There are several parts to owning an online needlework shop of which I’m not so fond.
One is maintaining inventory. There’s the physical inventory, the inventory in the accounting software and then the inventory in the web storefront. Of course, life would be much simpler if the latter two were actually linked, but alas they are not. I actually reconciled the physical and accounting inventories this year for the first time. I know, I know, I should have been doing it at least once a year, but what can I say? I’m not the most fastidious shopowner. But that was the easy part. Print out the inventory worksheet from the accounting software, go through the physical inventory and compare quantities. I was off on a few quantities, but in most instances, I knew exactly why. One set was an error in a shipment from a distributor that I missed, one bunch from from forgetting to account for inventory depletions for contest that I ran a while back and one was an order that I think got entered wrong. Pretty minor stuff, all things considered. The painful part is when I receive new inventory. If it’s just a reorder, entering the accounting information isn’t horrible, but more complex than it needs to be. And half the time I forget to increase the quantities in the web storefront. 🙁 However, when they are items that are completely new to the store, I have a lot of background work to do, with entering all of the details for each item into the accounting software, then adding the items into the web storefront. That part is much, much worse. I have to pull images, detailed descriptions, take measurements and weights for the shipping calculators, etc. And if I’m working with an entirely new vendor, forget about it.
By far my least favorite part of owning a shop, though, is the accounting. I covered part of that when I talked about dealing with inventory. I’m hoping that some of the complexity is due to the piece of crud accounting software (Microsoft) I’m using. For example, just to record a vendor order, I have to create a purchase order, receive the items into inventory, create the vendor bill and finally issue a payment towards the bill, assuming, of course, that the items have already been created; otherwise, I have to start by creating an item and recording all of the details for each item before I can even create a purchase order. Unfortunately, when I was starting out a couple of years ago, though, Microsoft were the only ones that had a package that could handle multiple currencies. Believe it or not, none of the other major accounting software manufacturers (including Intuit and Peachtree) could handle international currencies at that time. And I started off with a UK vendor in my beginning set of suppliers, so I knew it would be a problem right off the bat. Now, of course, Microsoft decided to stop manufacturing the product and is no longer supporting it, either. So, I’m being forced to make a switch. Fortunately for me, Intuit has since gotten their act together and QuickBooks now handles multiple currencies. Hooray! And they even have some conversion software to go from Microsoft Accounting to QuickBooks. Hip hip hooray! While I’m not exactly looking forward to having to convert everything (and I was kind-of hoping to limp my way through this fiscal year), I have finally hit the wall with the Microsoft product. I spent several hours the other night reconciling the accounts for 2009 when it really should have taken less than half an hour. I knew exactly which transactions I had missed recording and I then found the reason why the accounts still didn’t balance afterwards, which ironically had to do with a problem in how the software dealt with the exchange rates between currencies.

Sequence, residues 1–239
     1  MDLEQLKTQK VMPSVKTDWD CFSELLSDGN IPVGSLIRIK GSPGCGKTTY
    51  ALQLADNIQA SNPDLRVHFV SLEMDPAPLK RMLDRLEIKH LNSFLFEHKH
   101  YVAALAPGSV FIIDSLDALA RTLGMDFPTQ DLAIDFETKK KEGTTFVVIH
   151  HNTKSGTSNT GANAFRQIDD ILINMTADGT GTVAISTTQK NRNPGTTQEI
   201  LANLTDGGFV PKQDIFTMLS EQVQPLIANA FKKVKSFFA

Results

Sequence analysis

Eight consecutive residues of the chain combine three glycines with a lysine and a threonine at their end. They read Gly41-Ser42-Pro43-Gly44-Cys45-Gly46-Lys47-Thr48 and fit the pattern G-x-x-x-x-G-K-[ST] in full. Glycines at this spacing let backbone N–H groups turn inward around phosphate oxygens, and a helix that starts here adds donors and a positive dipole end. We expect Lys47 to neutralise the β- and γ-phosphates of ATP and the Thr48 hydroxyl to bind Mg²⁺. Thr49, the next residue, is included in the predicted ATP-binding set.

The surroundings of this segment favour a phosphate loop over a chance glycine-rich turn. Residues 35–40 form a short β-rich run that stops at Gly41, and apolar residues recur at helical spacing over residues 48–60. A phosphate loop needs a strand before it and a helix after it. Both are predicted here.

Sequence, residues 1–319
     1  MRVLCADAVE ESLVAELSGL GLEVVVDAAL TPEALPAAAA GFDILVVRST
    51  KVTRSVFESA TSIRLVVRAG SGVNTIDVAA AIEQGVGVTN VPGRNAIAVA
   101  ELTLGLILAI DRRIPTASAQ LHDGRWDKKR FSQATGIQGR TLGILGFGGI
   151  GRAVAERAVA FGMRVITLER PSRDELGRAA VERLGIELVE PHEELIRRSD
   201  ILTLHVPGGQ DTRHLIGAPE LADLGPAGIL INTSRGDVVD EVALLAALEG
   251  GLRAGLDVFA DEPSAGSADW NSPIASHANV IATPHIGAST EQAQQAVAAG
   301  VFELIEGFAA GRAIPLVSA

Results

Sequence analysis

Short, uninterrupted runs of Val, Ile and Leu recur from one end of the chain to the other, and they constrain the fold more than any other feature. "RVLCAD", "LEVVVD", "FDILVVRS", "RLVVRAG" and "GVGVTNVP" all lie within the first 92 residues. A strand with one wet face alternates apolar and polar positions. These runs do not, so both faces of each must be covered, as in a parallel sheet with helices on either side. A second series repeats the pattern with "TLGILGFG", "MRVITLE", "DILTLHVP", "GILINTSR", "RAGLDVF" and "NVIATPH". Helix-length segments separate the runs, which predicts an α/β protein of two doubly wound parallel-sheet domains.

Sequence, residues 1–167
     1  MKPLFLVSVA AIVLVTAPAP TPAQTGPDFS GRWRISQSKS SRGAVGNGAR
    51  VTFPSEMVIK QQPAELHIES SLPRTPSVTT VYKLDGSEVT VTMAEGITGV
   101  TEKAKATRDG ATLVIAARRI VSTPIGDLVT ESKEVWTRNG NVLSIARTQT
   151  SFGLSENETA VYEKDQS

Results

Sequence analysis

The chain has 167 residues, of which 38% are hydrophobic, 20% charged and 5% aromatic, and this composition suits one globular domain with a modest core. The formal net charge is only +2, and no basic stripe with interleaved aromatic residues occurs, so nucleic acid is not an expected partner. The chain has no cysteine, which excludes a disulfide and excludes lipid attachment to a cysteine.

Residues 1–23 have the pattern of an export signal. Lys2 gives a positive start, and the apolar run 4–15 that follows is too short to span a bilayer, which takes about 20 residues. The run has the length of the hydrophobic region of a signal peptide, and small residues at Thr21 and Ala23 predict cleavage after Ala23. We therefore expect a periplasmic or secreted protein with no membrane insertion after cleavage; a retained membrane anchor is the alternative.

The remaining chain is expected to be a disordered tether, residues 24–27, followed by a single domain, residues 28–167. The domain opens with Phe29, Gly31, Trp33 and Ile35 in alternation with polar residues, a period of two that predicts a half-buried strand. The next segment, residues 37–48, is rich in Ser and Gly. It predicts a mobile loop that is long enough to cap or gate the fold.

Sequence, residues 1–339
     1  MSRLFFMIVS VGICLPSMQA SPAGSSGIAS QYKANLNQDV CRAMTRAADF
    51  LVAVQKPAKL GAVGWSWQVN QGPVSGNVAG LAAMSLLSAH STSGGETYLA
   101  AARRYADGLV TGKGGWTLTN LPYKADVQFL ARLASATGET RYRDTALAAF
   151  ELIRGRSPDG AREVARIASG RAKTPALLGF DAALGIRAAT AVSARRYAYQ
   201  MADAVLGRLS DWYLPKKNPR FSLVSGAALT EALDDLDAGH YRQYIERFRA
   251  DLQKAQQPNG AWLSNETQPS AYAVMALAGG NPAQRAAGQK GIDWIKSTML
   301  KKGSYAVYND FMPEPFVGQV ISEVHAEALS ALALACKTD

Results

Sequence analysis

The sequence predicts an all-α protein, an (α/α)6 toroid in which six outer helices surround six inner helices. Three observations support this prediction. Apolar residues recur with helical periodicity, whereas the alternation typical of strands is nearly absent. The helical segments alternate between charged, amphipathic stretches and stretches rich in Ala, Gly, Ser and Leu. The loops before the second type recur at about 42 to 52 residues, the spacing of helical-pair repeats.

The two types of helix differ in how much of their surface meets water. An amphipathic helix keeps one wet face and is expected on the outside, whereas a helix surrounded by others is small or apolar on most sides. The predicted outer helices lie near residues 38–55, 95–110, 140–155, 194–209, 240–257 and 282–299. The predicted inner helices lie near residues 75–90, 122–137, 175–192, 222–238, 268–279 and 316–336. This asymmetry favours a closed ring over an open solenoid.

I was quite the unhappy camper by the time I got all of the numbers right and was able to hand them over to Terry to finish the taxes. I suppose that it’s actually a good thing, in a way, that I hit the wall in such a profound way with my current accounting package. It makes the decision to invest in QuickBooks that much easier to make, and one that I think I’m willing to make a lot sooner, as well.
Now that the accounting is all squared away, I need to get all of the new inventory I’ve acquired into the web storefront. Oh, and have I mentioned that I need to upgrade that software, as well? 😆
I’m glad your ONS is still going Jenna. I think I tried to access it last year and the site was down – I thought you might have shelved it, since you were pretty busy with school and work, so I’m glad to hear otherwise. Please post when you’ve updated the shop front, so I can check out the new stock 🙂
This is such a wonderful post to read! I have been contemplating getting into the online biz with cross-stitch accessories and stuff. I haven’t really pushed myself yet as I am still in the learning phase of so much. My sister and I are also discussing opening a flower shop, so the accounting will definitely come into play big time there. lol
Thanks for sharing!
I seem to have number dyslexia, so this sort of thing would be fatal for me if I were a business owner. I worked for a bank for a year and I think you could count the number of times I balanced out on my first attempt on your fingers. It was so sad. LOL!